I grabbed my life belt and strapped it on. In the ensuing chaos,
I focused on dodging the rain of enemy shells that were inflicting
death and destruction all around me. I took some shrapnel in my
right shoulder and leg, but by some miracle, I avoided being killed.
That first battle of Savo Island lasted for twenty minutes. After the
enemy fire ceased, the men left standing helped with the wounded,
while others manned the guns.
I was making my way toward a gun turret when suddenly, the
deck disappeared. My legs windmilled beneath me as I realized that
an explosion had blasted me off the deck. My shock was immediately
replaced by a stomach-clenching fear as I fell like a stone — thirty feet
into the dark, shark-infested water below.
I immediately inflated my life belt, weak with relief that I’d
somehow remembered to put it on. I noticed between ten and thirty
men bobbing in the water in the area, but we were too far away from
each other to communicate.
I began treading water, trying to stay calm as I felt things brushing
against my legs, knowing that if a shark attacked me, any moment
could be my last. And the sharks weren’t the only danger: The powerful
current threatened to sweep me out to sea.
Four agonizing hours passed this way. It was getting light when
I saw a ship — an American destroyer — approaching. The sailors on
board threw me a line and hauled me aboard.
Once on the ship, my legs buckled and I slid to the deck, unable
to stand. I was fed and allowed to rest briefly. Then I was transported
back to the Astoria, which, though disabled, was still afl oat. The captain
was attempting to beach the ship in order to make the necessary
Back on board the Astoria, I spent the next six hours preparing
the dead for burial at sea. As the hours passed, it became clear our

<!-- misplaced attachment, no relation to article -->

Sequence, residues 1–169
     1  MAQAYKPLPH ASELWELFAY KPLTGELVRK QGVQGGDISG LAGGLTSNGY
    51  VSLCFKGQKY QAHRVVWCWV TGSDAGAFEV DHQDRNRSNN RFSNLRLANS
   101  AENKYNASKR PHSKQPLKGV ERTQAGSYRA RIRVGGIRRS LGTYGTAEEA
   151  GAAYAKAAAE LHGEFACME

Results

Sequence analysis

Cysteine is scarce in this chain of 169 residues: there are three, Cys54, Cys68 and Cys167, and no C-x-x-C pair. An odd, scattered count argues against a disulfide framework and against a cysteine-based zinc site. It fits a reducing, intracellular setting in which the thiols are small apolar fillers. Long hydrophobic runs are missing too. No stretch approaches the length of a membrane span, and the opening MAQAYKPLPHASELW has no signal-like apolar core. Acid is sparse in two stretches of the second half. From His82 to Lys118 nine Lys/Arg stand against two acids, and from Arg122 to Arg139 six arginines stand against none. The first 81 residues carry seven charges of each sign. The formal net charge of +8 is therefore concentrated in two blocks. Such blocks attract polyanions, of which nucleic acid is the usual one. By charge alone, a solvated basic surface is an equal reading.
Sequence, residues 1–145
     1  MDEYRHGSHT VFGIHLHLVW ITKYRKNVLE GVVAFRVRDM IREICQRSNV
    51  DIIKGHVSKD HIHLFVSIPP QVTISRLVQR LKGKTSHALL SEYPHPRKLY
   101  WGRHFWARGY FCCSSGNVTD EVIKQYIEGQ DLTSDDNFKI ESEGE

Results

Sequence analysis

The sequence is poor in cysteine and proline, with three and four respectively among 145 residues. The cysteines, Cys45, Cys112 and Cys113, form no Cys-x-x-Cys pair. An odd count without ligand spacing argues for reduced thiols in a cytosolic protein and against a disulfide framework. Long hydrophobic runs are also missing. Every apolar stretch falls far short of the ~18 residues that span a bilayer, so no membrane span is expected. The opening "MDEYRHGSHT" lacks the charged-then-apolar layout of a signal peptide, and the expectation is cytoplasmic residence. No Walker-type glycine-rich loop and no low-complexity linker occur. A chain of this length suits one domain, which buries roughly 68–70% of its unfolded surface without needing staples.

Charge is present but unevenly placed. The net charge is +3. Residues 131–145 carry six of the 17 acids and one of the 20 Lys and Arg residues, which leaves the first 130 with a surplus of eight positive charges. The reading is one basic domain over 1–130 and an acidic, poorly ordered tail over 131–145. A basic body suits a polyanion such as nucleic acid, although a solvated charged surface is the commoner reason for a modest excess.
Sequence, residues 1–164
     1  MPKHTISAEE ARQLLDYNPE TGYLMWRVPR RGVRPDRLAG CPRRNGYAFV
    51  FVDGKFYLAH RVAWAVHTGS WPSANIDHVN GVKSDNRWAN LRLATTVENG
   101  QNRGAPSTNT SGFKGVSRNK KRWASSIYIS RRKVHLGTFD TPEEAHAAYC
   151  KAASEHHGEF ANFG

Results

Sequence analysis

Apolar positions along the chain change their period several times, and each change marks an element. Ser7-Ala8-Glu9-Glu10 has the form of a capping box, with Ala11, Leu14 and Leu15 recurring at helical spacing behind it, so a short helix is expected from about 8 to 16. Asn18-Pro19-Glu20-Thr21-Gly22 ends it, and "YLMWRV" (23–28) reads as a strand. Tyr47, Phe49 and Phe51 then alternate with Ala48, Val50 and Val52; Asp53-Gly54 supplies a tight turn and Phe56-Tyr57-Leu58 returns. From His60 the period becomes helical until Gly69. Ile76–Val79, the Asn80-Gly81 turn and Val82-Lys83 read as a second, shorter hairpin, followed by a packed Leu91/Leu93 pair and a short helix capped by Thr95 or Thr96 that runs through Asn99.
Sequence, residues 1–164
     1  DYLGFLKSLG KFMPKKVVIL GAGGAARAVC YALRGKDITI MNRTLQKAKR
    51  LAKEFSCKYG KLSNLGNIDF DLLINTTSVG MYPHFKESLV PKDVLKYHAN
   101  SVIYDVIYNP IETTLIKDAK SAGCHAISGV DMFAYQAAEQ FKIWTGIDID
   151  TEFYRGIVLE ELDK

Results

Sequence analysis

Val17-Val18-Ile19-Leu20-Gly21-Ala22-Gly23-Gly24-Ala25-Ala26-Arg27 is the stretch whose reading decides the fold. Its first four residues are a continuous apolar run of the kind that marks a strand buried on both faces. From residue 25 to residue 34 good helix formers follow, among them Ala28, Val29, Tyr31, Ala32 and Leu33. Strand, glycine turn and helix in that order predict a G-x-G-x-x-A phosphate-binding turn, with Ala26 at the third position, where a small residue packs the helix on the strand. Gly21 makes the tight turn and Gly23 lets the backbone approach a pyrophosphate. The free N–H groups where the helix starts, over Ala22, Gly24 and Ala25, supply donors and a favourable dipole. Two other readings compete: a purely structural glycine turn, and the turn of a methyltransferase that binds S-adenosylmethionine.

vessel was damaged beyond help. The ship was taking on water and
finally, around twelve hundred hours, the Astoria began to roll and
The last thing I wanted to do was to go into that water again, but
I knew I had to. Filled with dread, I jumped off the high side of the
sinking ship and began swimming. Although I still had my life belt
on, it couldn’t be inflated a second time. Luckily, I was soon picked
up by another destroyer and transferred to the USS Jackson.
Against all the odds, I had made it — one of the lucky men to
survive the battle of Savo Island. We were issued Marine uniforms,
and I spent my time, in between visits to the ship’s doctors for treatment
of my wounds, sitting on the deck of the Jackson, waiting for
our transport to San Francisco’s Treasure Island and the leave that
Though it felt odd to wear the unfamiliar uniform, I wasn’t
sad to lose my old dungarees and T-shirt. The one thing I found
I didn’t want to give up was my life belt. I hung on to the khaki
cloth-covered rubber belt, studying it sometimes as I sat around on
the Marine ship.
The label on the belt said it had been manufactured by Firestone
Tire and Rubber Company of Akron, Ohio, which was my hometown. I
decided to keep the belt as a souvenir, a reminder of how lucky I’d been.
When I finally took my thirty-day leave, I went home to my family
in Ohio. After a quietly emotional welcome, I sat with my mother
in our kitchen, telling her about my recent ordeal and hearing what
had happened at home since I went away. My mother informed me
that “to do her part,” she had taken a wartime job at the Firestone
plant. Surprised, I jumped up and grabbed my life belt from my duffel
bag, putting it on the table in front of her.
“Take a look at that, Mom,” I said. “It was made right here in
Akron at your plant.”
She leaned forward and, taking the rubber belt in her hands,
she read the label. She had just heard the story and knew that in
the darkness of that terrible night, it was this one piece of rubber
that had saved my life. When she looked up at me, her mouth and
her eyes were open wide with surprise. “Son, I’m an inspector at
Firestone. This is my inspector number,” she said, her voice hardly
above a whisper.
We stared at each other, too stunned to speak. Then I stood up,
walked around the table and pulled her up from her chair. We held
each other in a tight embrace, saying nothing. My mother was not a
demonstrative woman, but the significance of this amazing coincidence
overcame her usual reserve. We hugged each other for a long,
long time, feeling the bond between us. My mother had put her arms
halfway around the world to save me.
Chicken Soup for the Veteran’s Soul
Happy Mother’s Day everyone,
Don’t forget to enter the other giveaway if you haven’t already